A 2012 Gallup Poll tallied creationists at 46% of the population, and it is unlikely that debates like this will affect that number. Pseudo-science is not going away any time soon, nor is Ham’s high-tech Creation Museum in Kentucky about to close. But while most of the concern from Nye’s camp is for guarding the purity of science by disrobing and banishing the imposter, I started to wonder about the other side of the coin. It is not just science that is misrepresented and harmed by the Creation Museum; it is also the Bible. Far from being vindicated by pseudo-empirical rationalization, doesn’t scripture lose its identity by being nailed to the cross of fact? Doesn’t literalism harm the suggestive, mythic, even spiritual power of ‘The Book’?
The question came to me the day after the debate while skimming a work by Henry David Thoreau. A natural scientist in his day, Thoreau made detailed empirical observations, as found, for example, in his 1849 book (a commercial dud), A Week on the Concord and Merrimack Rivers. But on the pages where he is not describing plants, animals and waterways, he launches into cultural and literary excursions. I was startled to read,
You can hardly convince a man of an error in a lifetime, but must content yourself with the reflection that the progress of science is slow. If he is not convinced, his grandchildren may be. The geologists tell us that it took one hundred years to prove that fossils are organic, and one hundred and fifty more, to prove that they are not to be referred to the Noachian deluge.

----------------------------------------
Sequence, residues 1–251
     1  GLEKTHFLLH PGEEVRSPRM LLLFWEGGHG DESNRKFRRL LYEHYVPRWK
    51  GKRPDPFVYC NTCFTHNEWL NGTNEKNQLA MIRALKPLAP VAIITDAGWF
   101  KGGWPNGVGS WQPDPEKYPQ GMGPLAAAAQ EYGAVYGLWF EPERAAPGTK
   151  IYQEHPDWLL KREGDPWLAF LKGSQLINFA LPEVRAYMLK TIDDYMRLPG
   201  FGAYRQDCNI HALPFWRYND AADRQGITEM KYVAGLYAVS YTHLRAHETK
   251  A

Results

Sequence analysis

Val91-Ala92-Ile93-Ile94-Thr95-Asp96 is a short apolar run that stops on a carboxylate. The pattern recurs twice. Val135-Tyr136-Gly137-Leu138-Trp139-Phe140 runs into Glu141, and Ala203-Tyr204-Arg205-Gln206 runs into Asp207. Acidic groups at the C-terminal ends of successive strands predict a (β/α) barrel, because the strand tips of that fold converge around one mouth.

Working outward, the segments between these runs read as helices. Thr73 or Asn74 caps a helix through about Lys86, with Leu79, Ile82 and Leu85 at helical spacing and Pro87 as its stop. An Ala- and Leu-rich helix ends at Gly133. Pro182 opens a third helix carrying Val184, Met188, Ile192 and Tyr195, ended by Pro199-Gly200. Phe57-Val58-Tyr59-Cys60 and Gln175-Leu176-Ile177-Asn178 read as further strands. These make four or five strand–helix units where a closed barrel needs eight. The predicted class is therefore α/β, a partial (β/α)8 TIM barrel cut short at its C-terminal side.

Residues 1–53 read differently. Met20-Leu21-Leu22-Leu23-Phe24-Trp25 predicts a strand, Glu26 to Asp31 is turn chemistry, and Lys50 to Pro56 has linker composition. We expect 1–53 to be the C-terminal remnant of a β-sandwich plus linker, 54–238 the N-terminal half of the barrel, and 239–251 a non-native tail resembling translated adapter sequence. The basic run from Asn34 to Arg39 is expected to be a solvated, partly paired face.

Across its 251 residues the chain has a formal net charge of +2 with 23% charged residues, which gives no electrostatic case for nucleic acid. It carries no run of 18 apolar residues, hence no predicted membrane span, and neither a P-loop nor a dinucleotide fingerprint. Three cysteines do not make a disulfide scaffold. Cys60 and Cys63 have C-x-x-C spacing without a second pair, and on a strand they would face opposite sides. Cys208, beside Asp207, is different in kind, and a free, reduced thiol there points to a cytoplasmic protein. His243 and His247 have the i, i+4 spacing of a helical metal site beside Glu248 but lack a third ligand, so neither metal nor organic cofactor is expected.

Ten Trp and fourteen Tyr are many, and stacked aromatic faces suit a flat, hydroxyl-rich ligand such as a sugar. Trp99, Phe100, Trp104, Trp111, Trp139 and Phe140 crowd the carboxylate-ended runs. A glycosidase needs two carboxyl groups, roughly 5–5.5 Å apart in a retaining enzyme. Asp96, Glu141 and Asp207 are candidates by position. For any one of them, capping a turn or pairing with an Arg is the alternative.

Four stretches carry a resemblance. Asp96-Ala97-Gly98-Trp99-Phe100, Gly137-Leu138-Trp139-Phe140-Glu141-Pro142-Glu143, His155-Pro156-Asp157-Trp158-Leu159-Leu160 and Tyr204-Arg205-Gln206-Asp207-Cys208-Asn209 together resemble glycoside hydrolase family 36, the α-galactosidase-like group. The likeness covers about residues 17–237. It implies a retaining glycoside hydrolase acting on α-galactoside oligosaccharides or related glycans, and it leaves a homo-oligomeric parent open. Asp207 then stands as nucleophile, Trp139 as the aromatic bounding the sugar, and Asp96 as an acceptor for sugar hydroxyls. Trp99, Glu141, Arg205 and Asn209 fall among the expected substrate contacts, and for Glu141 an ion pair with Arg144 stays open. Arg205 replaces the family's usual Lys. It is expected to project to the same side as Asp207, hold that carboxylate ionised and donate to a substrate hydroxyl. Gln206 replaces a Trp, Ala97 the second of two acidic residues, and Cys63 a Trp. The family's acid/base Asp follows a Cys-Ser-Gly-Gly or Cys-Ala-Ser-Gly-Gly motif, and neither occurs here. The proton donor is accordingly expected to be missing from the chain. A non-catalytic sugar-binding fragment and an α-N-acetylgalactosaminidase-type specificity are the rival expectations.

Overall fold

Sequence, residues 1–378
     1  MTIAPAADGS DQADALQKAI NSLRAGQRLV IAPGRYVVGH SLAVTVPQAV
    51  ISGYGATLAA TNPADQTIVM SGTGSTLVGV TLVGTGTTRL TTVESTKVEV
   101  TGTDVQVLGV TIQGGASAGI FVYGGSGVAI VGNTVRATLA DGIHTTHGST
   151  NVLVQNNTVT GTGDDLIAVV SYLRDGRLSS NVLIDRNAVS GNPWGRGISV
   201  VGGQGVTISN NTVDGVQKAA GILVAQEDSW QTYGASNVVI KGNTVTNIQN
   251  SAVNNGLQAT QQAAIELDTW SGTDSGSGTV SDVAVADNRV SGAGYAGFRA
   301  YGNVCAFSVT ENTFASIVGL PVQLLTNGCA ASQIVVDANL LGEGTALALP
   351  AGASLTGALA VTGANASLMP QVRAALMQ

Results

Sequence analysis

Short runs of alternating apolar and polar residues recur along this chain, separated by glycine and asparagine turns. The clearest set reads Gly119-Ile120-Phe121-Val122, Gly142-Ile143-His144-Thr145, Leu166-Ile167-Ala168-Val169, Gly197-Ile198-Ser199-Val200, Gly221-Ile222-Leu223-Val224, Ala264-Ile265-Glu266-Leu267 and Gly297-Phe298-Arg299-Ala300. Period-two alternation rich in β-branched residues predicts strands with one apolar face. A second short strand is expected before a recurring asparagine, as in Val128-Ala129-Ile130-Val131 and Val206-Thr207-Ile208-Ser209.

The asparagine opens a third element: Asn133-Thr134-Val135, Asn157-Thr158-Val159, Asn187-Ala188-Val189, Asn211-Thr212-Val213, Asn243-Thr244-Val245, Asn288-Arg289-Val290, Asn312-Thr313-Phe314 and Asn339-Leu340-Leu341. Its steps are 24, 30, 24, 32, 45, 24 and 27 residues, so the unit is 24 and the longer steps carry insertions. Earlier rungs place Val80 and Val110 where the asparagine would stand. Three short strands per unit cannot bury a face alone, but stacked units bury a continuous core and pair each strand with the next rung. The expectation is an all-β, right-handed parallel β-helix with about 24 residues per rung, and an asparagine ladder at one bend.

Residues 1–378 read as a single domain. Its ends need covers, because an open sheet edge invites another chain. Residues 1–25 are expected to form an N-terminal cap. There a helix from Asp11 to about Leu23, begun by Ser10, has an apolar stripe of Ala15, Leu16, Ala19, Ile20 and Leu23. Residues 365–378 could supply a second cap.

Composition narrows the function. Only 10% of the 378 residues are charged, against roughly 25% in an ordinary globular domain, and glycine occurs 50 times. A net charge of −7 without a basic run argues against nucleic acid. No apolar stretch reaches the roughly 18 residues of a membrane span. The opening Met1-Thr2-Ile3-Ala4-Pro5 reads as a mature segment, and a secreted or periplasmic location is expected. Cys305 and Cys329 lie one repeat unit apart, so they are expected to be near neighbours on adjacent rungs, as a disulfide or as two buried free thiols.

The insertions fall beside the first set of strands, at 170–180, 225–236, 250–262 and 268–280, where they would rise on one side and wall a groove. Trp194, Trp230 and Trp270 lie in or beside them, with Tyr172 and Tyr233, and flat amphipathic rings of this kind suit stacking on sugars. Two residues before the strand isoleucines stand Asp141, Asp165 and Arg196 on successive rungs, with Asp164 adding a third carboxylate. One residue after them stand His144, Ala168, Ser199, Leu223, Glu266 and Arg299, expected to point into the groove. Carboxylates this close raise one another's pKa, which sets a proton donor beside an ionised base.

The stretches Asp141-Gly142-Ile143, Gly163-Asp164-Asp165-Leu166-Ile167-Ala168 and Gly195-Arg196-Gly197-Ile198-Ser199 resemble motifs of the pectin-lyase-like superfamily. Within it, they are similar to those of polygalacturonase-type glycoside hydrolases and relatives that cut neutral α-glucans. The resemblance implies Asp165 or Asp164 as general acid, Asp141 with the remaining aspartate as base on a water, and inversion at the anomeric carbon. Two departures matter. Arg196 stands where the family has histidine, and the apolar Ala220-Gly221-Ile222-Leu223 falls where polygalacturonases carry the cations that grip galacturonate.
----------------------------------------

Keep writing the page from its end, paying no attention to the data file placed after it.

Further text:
Would Thoreau have believed that one hundred sixty years after writing this a significant portion of American public would regress? The great grandchildren of his example’s grandchildren have reverted to the Noah’s deluge again, and thus retarded the progress of ideas by three hundred years.
But Thoreau was not Bible-phobic. He thought, in fact, that the “bibles of mankind” were the best reading. He had no interest in the novels of his day, but he loved world scriptures—Hindu, Chinese, Sufi and Christian. “Give me one of these Bibles and you have silenced me for a while.” He confesses little familiarity with the New Testament until his twenties, due to natural aversion towards the scolding sermons and illogical theology of his youth. “It seemed, before I read it, to be the yellowest book in the catalogue.” But when he finally approached it on its own terms, he was delighted. So much so, that he began gushing to his friends, until they glazed over and shut down. “I should love dearly to read it aloud to my friends, some of whom are seriously inclined; it is so good, and I am sure that they have never heard it, it fits their case exactly, and we should enjoy it so much together,—but I instinctively despair of getting their ears. They soon show, by signs not to be mistaken, that it is inexpressibly wearisome to them.”
Thoreau obviously did not read the Bible as ‘a believer.’ But neither did he approach it with ‘Bible as literature’ academic detachment. Rather, he saw it as a portion of the universal wisdom literature revered in all traditions. “Mythology is only the most ancient history and biography,” Thoreau wrote in A Week. “So far from being false or fabulous in the common sense, [mythology] contains only enduring and essential truth, the I and you, the here and there, the now and then, being omitted.” Just the sort of algebra one might expect to hear from a natural scientist, the barest form of law, abstracted from particulars.